Wednesday, June 5, 2013
I work in IT. Tier one technical support to be precise. If you've ever seen an episode of The IT Crowd or called a toll-free number for help configuring your router you've got a rough idea of what I do. I help with your e-mail, I replace toner cartridges when the ink runs out in the printer. I loan out laptops and mice and ensure they can connect to the Internet if you need to train. Not a horrible career as they go, and it keeps the wolves fed while I do my best to hasten the arrival of my inevitable stardom(which at 37 years old better pick up on the hastening, but that's a whole other story). The point is, I help people. I enjoy helping people, and I like to examine problems and see if there's a solution that can benefit a person or persons in need. I wouldn't have hung on damn near a decade in the business if I didn't derive some satisfaction from it, however distant.
I enjoy superhero fiction. Superheroes are born problem-solvers. Whether due to training from youth or the empowering light of a yellow sun, superheroes take on challenges and do their best to overcome them in the service of helping others. By no means realistic, but it's fun and it speaks to something in me that responds to the notion of might for right. Of using one's inherent gifts to help. That's got a lot of appeal as a fantasy, just look at the box office numbers lately. The notion of getting past all the red tape and the obstruction and the mistrust and the bullshit and just going out and kicking some ass in the name of what's right has a lot of appeal. The myth of the superhero is an appealing archetype and provides us with both entertainment and an ideal to aspire toward. That's great and I wouldn't change a thing.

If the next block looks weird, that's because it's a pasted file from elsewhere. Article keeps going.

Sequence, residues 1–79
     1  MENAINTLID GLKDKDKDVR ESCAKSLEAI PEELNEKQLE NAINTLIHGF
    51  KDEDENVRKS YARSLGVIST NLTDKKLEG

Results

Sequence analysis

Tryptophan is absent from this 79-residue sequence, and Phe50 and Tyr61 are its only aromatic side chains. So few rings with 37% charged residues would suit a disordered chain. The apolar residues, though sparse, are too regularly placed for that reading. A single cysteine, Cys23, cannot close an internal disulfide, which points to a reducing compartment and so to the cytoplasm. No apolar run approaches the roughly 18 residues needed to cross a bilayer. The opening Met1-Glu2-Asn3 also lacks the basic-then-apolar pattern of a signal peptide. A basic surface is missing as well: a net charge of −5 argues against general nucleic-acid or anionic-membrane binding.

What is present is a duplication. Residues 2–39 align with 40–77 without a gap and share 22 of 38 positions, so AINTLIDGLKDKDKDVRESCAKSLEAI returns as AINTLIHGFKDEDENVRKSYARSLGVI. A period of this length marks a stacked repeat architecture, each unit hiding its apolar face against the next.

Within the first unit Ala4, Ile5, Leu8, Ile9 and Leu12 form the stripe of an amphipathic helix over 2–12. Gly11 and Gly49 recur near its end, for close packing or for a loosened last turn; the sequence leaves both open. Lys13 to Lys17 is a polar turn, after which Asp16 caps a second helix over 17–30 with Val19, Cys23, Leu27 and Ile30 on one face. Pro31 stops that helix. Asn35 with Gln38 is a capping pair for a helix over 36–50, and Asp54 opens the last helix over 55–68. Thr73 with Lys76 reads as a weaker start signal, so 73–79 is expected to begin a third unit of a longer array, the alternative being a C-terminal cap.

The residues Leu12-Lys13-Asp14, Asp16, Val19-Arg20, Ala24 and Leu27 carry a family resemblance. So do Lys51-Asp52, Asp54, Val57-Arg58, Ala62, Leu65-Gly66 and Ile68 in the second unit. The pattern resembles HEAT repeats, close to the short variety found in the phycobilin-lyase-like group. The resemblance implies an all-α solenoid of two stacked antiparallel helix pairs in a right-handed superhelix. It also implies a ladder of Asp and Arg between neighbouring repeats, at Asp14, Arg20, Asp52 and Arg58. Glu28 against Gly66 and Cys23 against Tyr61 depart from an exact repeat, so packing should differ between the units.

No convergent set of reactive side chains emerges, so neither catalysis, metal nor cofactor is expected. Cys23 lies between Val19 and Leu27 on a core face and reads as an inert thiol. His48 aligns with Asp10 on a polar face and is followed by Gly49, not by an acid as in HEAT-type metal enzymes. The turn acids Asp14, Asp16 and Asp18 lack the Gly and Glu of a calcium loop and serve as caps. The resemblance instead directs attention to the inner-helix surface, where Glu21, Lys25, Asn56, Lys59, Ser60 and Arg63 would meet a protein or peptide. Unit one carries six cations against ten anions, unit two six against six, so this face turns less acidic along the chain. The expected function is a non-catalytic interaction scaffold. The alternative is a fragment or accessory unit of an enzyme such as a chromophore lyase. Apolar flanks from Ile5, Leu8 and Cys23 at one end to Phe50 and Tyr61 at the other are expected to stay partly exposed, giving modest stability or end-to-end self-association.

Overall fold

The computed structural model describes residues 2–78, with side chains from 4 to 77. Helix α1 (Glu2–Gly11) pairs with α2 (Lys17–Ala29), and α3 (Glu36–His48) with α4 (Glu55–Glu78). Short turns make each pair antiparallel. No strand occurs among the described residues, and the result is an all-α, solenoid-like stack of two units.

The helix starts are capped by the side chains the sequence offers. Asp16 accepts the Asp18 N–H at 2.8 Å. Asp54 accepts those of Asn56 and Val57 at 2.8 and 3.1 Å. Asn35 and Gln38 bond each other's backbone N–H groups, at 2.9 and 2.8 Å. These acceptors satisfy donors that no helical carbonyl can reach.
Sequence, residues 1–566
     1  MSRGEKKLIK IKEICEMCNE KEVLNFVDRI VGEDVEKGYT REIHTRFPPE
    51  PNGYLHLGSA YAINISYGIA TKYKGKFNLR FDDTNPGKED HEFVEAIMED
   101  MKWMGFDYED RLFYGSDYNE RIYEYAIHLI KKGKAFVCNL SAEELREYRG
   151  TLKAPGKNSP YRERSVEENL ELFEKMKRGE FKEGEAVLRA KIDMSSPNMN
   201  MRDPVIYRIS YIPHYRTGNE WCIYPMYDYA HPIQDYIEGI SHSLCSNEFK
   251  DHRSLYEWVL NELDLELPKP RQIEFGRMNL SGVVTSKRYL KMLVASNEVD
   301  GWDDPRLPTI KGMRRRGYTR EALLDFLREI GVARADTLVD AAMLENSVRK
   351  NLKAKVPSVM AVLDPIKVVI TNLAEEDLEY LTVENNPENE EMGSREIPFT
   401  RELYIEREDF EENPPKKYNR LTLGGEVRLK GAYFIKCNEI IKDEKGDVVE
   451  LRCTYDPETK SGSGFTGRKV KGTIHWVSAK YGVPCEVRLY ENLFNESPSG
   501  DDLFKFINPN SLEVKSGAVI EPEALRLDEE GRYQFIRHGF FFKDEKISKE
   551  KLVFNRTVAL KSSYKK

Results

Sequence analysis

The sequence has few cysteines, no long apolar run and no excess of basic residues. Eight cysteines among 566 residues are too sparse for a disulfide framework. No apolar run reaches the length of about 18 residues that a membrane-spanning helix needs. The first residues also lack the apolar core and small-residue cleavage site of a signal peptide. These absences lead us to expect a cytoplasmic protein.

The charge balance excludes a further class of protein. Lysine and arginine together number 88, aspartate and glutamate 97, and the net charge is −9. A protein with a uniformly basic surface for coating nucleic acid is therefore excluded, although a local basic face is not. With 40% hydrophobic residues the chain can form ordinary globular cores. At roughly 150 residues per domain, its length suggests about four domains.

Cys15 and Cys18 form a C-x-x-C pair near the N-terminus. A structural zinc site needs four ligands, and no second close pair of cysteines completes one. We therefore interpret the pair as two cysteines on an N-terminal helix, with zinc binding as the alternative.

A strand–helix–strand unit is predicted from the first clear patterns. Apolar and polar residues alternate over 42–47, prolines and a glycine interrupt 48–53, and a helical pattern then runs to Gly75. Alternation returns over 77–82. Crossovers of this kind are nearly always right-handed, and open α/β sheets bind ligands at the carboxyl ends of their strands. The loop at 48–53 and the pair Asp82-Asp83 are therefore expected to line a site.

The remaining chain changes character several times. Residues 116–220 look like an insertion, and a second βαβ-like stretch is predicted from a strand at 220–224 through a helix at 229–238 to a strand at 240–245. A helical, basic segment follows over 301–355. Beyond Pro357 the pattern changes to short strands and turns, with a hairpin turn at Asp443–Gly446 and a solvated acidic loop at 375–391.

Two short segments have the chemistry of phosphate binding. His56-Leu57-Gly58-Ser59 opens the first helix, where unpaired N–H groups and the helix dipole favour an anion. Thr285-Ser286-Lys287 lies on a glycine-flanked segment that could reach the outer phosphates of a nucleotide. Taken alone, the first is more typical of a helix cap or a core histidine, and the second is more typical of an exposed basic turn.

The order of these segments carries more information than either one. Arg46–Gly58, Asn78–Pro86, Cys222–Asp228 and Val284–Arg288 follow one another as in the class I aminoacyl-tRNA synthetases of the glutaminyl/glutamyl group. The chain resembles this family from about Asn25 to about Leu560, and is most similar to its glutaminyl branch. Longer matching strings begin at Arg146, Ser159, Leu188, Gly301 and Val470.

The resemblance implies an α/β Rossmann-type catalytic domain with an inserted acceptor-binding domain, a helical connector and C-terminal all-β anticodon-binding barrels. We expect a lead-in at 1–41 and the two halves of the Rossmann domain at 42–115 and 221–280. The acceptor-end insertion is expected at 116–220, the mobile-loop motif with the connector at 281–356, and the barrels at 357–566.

A common trope I see in comics and film is the notion of "superheroes in the real world" or statements along the lines of "we took great pains to ground this film in reality". This sentiment of taking the iconic heroes of youth and placing them in a setting like our contemporary world had an initial appeal in my youth (I remember years past being stoked beyond words at how badass the 1989 Batman film had made the Dark Knight in terms of his mainstream appeal) but as I've grown older it's become more and more problematic to me. You could argue it's age and seeing the past through rose-coloured glasses, or a desire to keep my childhood icons from being forced from the idyllic realm of Good versus Evil and into the gray morass of the world outside my window, but I think the reason is inherently tied in to my experience in IT. There's really a simple reason why we all should be extremely grateful that superheroes don't exist in the real world.
They would go completely and irrevocably insane.
Day after day, I deal with easily same problems (or variations on the theme). Helping people who run the gamut in terms of personality and technical ability. And for the most part they're wonderful people. Who invariably experience similar problems. Over and over and over and over. . .the stress can build on a body. It's definitely built on mine. Hell, in 2004 when I started working in the business I had hair. And it was brown. Now the few battered enclaves of follicles left on my head are brown turning gray. There have been moments when I have felt intensely happy to have helped out. . .and moments when I've cheerfully thought about taking a Louisville slugger to the nearest workstation and continue until every last vile glowing box has been smashed to bits.